MBA Legal Research Section presentation: Examining the value of an LL.M. @ Moot Courtroom B, Robson Hall
Mar 1 @ 12:00 pm – 1:45 pm

The MBA Legal Research Section is co-hosting an event with the Robson Hall Career Development Office examining the value of undertaking a LL.M. degree. A panel of members from the legal community, including practitioners, academics and current students, will be sharing their experiences with undertaking a LL.M. degree and discussing the value that this graduate study work has had for their legal careers. The event will conclude with a Q & A session involving all panelists. Lunch will be provided.

Confirmed panelists include:

  • Melanie Bueckert, LL.M., Legal Research Counsel, Manitoba Court of Appeal
  • Andrew MacSkimming, LL.M., Legal and Strategic Advisor, A.H. MacSkimming Law Office
  • Oluwaseyi Adebayo, LL.M. Student, Robson Hall Faculty of Law
  • Dr. Donn Short, Associate Dean, Research & Graduate Studies, Robson Hall Faculty of Law


Robson Hall Focus Week on Indigenous Law and History @ Moot Courtroom B, Robson Hall Faculty of Law
Mar 6 @ 12:00 pm – Mar 8 @ 12:00 pm

Robson Hall Faculty of Law welcomes two very special guest speakers during the first week of March. Both are lawyers who have practiced, written and focused their respective life works in the areas of Indigenous Law and History.

Tuesday, March 6, 2018 at 12:00 p.m., Moot Courtroom B, Robson Hall

The Distinguished Visitors Lecture Series presents Jean Teillet, speaking on “Writing the History of Riel’s People.” Read more.


Thursday, March 8, 2018 at 12:00 p.m., Moot Courtroom B, Robson Hall

The 9th Annual DeLLoyd J. Guth Visiting Lecture on Legal History presents Hamar Foster Q.C., speaking on “Emily Carr’s Klee Wyck, Indigenous Activism & the Law on British Columbia’s Northwest Coast, 1906 – 1928.” Read more.

The Ninth Annual DeLloyd J. Guth Visiting Lecture on Legal History: Hamar Foster, Q.C., “Emily Carr’s Klee Wyck, Indigenous Activism & the Law on British Columbia’s Northwest Coast, 1906 – 1928” @ Moot Courtroom B, Robson Hall
Mar 8 @ 12:00 pm – 1:00 pm

Hamar FosterIndigenous land claims activity on the Nass and Skeena Rivers resulted in prosecutions and gaol terms. What actually happened? How to know? Whose story to trust? Whose law rules?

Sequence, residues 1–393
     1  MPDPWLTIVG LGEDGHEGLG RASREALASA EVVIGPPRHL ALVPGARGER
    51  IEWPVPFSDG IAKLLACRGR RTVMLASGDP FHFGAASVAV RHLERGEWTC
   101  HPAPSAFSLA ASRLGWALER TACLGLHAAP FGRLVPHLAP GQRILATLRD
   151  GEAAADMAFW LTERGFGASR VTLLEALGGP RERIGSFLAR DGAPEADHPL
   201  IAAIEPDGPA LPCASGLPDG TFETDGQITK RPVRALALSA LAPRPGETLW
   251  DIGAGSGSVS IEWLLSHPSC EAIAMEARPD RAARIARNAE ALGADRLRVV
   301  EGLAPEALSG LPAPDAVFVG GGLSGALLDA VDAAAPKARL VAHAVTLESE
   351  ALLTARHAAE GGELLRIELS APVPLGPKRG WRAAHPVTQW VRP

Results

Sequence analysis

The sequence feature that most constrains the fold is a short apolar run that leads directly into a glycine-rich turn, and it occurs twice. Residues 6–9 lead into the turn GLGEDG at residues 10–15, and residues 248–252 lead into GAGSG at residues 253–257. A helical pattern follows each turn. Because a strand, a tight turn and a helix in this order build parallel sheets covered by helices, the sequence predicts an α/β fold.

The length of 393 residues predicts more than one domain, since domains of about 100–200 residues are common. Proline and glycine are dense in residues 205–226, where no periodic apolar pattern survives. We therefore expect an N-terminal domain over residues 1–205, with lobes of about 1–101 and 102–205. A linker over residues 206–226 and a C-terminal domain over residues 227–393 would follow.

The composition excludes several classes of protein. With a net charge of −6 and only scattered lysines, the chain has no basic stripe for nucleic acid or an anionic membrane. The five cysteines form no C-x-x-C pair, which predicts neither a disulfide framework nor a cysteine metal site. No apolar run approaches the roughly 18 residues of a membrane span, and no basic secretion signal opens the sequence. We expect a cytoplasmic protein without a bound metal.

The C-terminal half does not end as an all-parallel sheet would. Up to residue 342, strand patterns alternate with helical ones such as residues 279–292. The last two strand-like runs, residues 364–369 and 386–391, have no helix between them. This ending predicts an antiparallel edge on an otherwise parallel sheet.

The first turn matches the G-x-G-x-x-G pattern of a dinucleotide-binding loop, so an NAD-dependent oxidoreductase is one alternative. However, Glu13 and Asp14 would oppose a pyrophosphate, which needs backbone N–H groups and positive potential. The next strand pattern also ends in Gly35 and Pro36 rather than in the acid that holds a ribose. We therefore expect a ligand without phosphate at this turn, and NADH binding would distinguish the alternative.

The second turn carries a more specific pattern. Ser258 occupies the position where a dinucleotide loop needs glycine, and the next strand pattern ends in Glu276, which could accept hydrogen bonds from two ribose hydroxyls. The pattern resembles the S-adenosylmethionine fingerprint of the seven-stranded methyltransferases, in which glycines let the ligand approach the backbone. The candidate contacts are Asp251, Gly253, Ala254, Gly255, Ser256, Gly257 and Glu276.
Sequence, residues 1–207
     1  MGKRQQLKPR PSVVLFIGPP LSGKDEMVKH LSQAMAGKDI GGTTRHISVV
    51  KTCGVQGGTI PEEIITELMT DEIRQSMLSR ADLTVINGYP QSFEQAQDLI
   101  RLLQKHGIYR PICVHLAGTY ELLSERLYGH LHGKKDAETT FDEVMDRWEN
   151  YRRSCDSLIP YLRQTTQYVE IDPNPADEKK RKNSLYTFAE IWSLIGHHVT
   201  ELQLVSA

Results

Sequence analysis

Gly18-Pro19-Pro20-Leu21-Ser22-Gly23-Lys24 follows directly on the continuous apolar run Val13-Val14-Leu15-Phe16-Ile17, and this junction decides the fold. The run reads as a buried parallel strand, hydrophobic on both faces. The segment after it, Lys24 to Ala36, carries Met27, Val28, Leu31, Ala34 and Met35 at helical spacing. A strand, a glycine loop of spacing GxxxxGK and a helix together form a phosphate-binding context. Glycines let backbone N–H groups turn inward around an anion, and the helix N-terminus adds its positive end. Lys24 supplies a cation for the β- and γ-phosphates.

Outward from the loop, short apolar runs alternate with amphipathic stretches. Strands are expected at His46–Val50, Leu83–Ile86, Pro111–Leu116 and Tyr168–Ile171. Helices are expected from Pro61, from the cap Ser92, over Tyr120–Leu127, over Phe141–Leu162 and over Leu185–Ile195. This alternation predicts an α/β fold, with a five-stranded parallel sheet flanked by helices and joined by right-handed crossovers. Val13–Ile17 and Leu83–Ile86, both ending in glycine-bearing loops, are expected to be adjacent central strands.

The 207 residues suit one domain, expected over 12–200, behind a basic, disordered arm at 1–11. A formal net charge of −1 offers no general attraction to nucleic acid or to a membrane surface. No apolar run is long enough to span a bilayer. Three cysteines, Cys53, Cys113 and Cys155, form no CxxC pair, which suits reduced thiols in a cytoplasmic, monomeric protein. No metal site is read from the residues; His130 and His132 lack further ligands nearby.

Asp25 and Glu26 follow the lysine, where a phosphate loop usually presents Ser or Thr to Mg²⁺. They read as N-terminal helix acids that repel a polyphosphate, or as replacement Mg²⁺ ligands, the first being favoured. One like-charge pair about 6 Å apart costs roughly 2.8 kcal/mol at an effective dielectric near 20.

Hamar Foster, Q.C., has worked for forty years as a research scholar and teacher, an expert witness and litigator. He will compare the Law’s evidence of  RCMP reports with the Artist’s perspective in “Kitwancool”, Emily Carr’s story in her famous book,  Klee Wyck (1941), a memoir of her travels in BC and of her encounters and relationships with First Nations people.

A member of the University of Victoria Faculty of Law since 1978, Hamar Foster was promoted to professor in 1993 and was associate dean from 1998 to 2000. Over the course of his legal career, he has been a Commonwealth Scholar and Woodrow Wilson Fellow, served as law clerk to the Chief Justice of British Columbia, and together with two classmates, established the firm of Prowse, Williamson & Foster. While teaching at UVic, he continued to practice law part-time until the early 1990s, focusing primarily on criminal Legal Aid work. He has taught Legal Process, Property, Criminal Law, The Law of Evidence, Legal History and Aboriginal Law.

Professor Foster has written extensively on comparative criminal law, the legal history of the fur trade, BC legal history and Aboriginal law. Most recently he co-edited the collections: The British Columbia Court of Appeal, 1910-2010, a special issue of BC Studies (2009) with UVic Law colleague John McLaren and Wes Pue at UBC; The Grand Experiment: Law and Legal Culture in British Settler Societies (2008), with UVic Law colleague Benjamin Berger and A.L. Buck of Macquarie University in Australia; and Let Right Be Done: Aboriginal Title, the Calder Case, and the Future of Indigenous Rights (2007), with UVic Law colleagues Jeremy Webber and Heather Raven. An article recounting his experiences testifying as an expert witness in Tsilhqot’in Nation v. BC entitled “One Good Thing: Law, Elevator Etiquette and Aboriginal Rights Litigation in Canada”, was published in June 2010 in The Advocates’ Quarterly.

Professor Foster was a member of the Akitsiraq Law School faculty in Nunavut in 2002 and a resident Fellow at the Centre for Studies in Religion and Society from 2000 to 2001. He is a founding member and director of the International Society for the Promotion of the Public Interest of Lawyer Independence.

Career Fair 2018 @ Fairmont Winnipeg
Mar 21 @ 6:00 pm – 8:00 pm
MLSA Presents Networking Event
Mar 24 @ 12:00 pm – 1:00 pm

Moot B
More info to come.

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